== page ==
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Trump, Once Critical From Afar, Gives China a Pass in Trade War

The comments are a remarkable shift in tone by Trump, who campaigned on taking China to task over its trade practices as a candidate for president.
Image: U.S. President Donald Trump and China's President Xi Jinping make joint statements at the Great Hall of the People in Beijing
President Donald Trump and Chinese President Xi Jinping at the Great Hall of the People in Beijing on Thursday.Jonathan Ernst / Reuters

BEIJING — President Donald Trump said Thursday that he does not blame China for its economic success at the expense of the United States, what he called a "one sided" trade relationship.

"I don’t blame China," he said at a business event joined by Chinese President Xi Jinping. "After all, who can blame a country for being able to take advantage of another country for the benefit of its citizens? I give China great credit."

The comments are a remarkable shift in tone by Trump, who campaigned on a hard-line promise to take China to task over its trade practices with the United States only to soften his language toward Beijing as president.

"I think what [Trump is] saying is that China is pursuing its own national interests," U.S. Ambassador to China Terry Branstad told reporters, including NBC News, before Trump and Xi made joint remarks. "You can’t blame any country for doing that. We just have to do a better job of doing that for the United States."

Later, Secretary of State Rex Tillerson said Trump's comments were "a little bit of tongue in cheek" while also having "a little truth" in them.

"Look, we are where we are because previous administrations — whether through benign neglect...or for whatever reasons — allowed this to happen and allowed it to get so out of balance that now it's not an easy thing to rebalance," Tillerson said, giving Trump credit for telling the Chinese that it was necessary to "change the paradigm" on trade.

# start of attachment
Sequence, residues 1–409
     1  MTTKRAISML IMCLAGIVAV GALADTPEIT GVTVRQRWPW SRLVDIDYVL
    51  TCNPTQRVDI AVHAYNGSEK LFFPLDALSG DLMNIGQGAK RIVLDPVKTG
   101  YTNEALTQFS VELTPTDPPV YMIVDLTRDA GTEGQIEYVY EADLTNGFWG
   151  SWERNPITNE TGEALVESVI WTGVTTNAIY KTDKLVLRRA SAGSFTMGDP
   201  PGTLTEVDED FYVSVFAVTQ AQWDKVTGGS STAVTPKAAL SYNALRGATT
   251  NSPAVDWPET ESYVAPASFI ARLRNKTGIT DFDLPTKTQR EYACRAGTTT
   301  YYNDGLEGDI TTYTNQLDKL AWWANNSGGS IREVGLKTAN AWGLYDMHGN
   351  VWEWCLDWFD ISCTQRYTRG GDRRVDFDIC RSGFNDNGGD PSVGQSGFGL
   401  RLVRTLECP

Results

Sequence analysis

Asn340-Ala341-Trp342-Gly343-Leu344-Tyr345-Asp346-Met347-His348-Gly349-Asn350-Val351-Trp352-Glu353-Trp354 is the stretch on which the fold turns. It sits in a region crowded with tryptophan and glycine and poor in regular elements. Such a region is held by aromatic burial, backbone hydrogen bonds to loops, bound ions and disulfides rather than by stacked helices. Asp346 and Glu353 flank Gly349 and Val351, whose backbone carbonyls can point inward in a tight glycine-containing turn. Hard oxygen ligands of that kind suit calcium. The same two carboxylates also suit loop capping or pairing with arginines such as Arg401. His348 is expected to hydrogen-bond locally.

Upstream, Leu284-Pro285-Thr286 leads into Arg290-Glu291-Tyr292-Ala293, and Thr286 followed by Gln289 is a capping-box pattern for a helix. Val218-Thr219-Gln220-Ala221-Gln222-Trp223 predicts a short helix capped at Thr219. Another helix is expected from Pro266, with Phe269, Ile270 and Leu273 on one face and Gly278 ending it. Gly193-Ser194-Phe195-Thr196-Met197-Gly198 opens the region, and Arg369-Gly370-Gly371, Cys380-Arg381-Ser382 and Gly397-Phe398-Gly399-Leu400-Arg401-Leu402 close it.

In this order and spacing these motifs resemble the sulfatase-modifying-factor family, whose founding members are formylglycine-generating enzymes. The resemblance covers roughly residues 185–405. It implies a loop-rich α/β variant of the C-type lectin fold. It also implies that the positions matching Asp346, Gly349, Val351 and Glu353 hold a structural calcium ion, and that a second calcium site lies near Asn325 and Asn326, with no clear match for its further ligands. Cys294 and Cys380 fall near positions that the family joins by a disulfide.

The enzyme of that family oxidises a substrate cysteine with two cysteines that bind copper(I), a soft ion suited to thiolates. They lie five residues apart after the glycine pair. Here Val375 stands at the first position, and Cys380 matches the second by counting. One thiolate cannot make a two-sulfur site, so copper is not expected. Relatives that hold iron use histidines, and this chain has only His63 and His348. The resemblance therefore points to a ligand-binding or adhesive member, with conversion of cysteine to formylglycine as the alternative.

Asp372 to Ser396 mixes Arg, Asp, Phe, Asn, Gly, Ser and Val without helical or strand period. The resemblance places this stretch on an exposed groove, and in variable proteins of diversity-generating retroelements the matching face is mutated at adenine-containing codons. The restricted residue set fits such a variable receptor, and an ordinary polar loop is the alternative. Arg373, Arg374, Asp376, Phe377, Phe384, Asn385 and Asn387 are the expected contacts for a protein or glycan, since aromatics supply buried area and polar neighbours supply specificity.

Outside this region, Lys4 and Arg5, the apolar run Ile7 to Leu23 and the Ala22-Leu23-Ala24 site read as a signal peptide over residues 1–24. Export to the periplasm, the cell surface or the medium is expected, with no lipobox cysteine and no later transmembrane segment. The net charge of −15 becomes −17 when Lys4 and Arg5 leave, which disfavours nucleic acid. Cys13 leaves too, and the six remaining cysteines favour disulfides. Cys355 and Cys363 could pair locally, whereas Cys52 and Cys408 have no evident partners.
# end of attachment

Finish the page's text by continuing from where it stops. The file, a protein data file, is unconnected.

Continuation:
In a separate bilateral meeting earlier Thursday morning, Trump had blamed the U.S.-China trade imbalance — the Commerce Department reported a $29.9 billion trade deficit with China in September — on past administrations.

"It’s too bad that past administrations allowed it to get so far out of kilter," Trump said of the trade relationship. "But we’ll make it fair and it’ll be tremendous to both of us."

In joint remarks with Xi, Trump stressed the need to re-calibrate the relationship and said an agreement the two presidents signed Thursday morning for two-way commercial investments marked "a very, very good start."

Though Trump celebrated these investments — totaling over $200 billion — Tillerson told reporters in an off-camera briefing Thursday night that Chinese efforts on trade so far have been "in the grand scheme of things...pretty small."

"The Chinese acknowledge much more has to be done," the secretary of state said, adding that Trump's objectives on trade with Beijing have yet to be met.

The leaders exited after making joint remarks without taking questions — a break with precedent of former Presidents Bill Clinton, George W. Bush and Barack Obama, who have pressed their Chinese counterparts to allow exchanges with reporters.

As Trump exited, a shouted question from an American reporter — "Do you still believe China is raping the United States, Mister President?" — went unanswered but underscored the yawning gap between the president's language on China as a candidate and as president.